True or not, I guess the season wasn't fit to allow swimming in any of the pools (of which there were a few more than seven) when we visited, so all we have are a bunch of gorgeous pictures. :)
This is looking back toward the ocean after hiking upstream a bit:
Figuring there was probably a longer trail to hike further upstream, we searched around for some signs and found, almost completely by luck, what has been hailed by many as "the most beautiful hike in Maui."
The sign said "PIPIWAI TRAIL TO WAIMOKU FALLS: 2 MI." Sweet.
The first part stayed close to the Gulch ...
... then veered away in order to meander around and climb a few dozen feet of elevation in chunks.
The weather was pretty crazy, alternating between muggy and warm, and rainy and cool ... which actually turned out to be just about perfect, since the hike was a moderately strenuous one.
In the first half-mile, we passed the remains of a sugar mill dam, irrigation systems, and flumes. At the Makahiku Overlook, we stopped to take a couple shots, and were rewarded by the view:
We couldn't actually see the water at the base of these falls. I had to take these shots leaning out from the overlook, holding the camera way up in the air, aimed down.
I love this shot:
I'd guess this waterfall is probably 150-180' tall.
We passed several hikers, in both directions, as the trail led through a forest. We found this huge banyan tree a little further in ... the trail led right through the little "doorway" formed by a branch and two huge descender roots, to the left of the main trunk:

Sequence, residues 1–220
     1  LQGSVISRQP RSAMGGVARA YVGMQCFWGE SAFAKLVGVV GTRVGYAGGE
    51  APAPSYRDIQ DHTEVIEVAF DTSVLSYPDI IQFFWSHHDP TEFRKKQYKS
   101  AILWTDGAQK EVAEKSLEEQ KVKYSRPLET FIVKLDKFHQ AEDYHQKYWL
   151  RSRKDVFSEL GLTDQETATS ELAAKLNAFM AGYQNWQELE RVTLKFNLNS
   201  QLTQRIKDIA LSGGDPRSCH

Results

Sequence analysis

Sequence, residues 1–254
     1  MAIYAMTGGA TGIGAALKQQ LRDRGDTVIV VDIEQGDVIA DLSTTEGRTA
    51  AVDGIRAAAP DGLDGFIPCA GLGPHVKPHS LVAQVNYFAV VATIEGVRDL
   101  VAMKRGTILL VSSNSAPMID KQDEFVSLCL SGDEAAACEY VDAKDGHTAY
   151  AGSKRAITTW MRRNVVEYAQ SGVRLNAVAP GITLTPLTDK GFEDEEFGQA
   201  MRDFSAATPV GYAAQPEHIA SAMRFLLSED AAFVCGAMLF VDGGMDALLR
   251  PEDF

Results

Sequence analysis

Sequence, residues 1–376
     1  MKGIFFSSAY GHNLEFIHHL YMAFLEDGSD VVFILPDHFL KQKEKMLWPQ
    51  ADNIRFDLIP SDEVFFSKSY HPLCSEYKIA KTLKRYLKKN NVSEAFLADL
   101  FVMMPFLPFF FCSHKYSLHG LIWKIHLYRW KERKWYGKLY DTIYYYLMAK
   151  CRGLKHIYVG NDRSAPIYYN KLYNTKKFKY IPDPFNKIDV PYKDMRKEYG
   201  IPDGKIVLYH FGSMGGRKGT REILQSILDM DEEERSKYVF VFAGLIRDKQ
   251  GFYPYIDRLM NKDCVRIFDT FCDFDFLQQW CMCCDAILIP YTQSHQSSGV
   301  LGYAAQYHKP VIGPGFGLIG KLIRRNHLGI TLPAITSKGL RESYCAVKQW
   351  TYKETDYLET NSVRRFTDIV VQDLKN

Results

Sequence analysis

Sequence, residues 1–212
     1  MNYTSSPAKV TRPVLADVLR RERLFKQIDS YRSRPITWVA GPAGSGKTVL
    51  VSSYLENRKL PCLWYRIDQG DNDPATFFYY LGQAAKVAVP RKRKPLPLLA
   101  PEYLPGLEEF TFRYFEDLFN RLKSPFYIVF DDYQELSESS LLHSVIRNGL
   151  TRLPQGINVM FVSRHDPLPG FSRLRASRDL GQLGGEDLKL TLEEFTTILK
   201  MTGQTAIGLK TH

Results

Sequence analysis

Crossed some footbridges over these pools and small falls (10-15') in the Palikea Stream at about the 1-mile mark.
On the other side of the stream was a wall of solid bamboo, which marked the outer boundary of a forest we hiked through, the most mysterious and memorable part of the hike.
For one thing, it was just so cool in there, the way the trail wove through the dense vertical stalks, letting in just enough sunlight to illuminate the pathway:
For another, it was so silent, in comparison to being in the open air. Outside, there was the constant accompaniment of noises mainly from the wind in the leaves and the rushing of the water, with the occasional bird calls thrown in. In here, the air was close and still, not enough to be claustrophobic, but definitely a stark contrast!